Above knife is knows as katiyal which is made from a iron bar and has a wooden handle, which is know as Billhook globally. Use of katiyal(billhook) is between that of an axe and Knife. I also feel this type of knives are optimized version of machetes. After repeated requests Gopalattan made the above knife for me. He has stopped making new equipment’s only sharpens and shapes existing ones.

There are different types of katiyal’s. It is known by different names in other parts of India. Southern Keralites call it va-kathi.

Cutting Jackfruit using Billhook
This is how you cut open jackfruit using a heavy knife with force.
Dehusking coconut using knife
Coconut Dehusking using Billhook knife(Katiyal)

The katiyal with longer handle in the above picture is meant for harvesting coconuts. Their distinguishing features are:

  • The blade and handle has to be longer than average katiyal. This is because some coconut bunches hang farther away on palms with larger crown.
  • Longer arch on the tip to hook and pull a bunch. The blade must be razor sharp for effortless operation.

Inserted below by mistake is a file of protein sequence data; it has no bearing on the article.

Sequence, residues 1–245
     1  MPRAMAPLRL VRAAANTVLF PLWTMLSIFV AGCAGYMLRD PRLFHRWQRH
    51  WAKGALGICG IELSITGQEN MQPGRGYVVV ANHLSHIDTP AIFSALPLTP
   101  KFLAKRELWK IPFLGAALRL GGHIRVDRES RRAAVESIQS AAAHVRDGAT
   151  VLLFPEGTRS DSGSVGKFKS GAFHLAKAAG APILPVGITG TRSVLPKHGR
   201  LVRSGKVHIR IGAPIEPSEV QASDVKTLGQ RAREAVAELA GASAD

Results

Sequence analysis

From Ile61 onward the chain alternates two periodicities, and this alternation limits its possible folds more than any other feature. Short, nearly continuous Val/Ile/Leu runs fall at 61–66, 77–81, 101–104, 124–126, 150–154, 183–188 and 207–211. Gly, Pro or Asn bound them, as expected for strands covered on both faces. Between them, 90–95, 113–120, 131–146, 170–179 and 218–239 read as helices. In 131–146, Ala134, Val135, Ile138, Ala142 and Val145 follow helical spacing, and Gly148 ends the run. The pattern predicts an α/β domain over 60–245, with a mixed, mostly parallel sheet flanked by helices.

• A traditional katiyal used by coconut harvesters is a total of 24 inch length from tip to handle(standard length) However some prefer smaller or bigger as per individual comfort.
  • The bottom tip of the handle should be ridged so that the knife does not slip off from the hand as easily. Since my knife is short so no ridge can be noticed.

Having said so it is not easy to make a good katiyal or any metal equipment’s. It takes years of study by practice to understand the nature of each metal.

As per Gopalattan, when the iron is red hot it has to be hammered to the desired shape. Then comes the essential part – cooling. Red hot iron is dipped in water for a certain time in order to temper it. “If the metal is too hard it will break apart easily while chopping and if  too soft then the edge will blunt quickly”.

Traditional swords and warfare weapons were not dipped in plain water for cooling instead it was dipped in Poovan vaya neer (sap of elaichi kela in hindi). Modern day G9 and other hybrid banana sap will not work. Treating the blade in this fashion imparts it strength and flexibility according to my Kalari Gurukal.

Traditonal iron door handle without rust
110 Year Old Iron Door Handle with no sign of Rust

This is a traditional door handle 110 years old still in use made out of iron absolutely. Notice the lack of rust.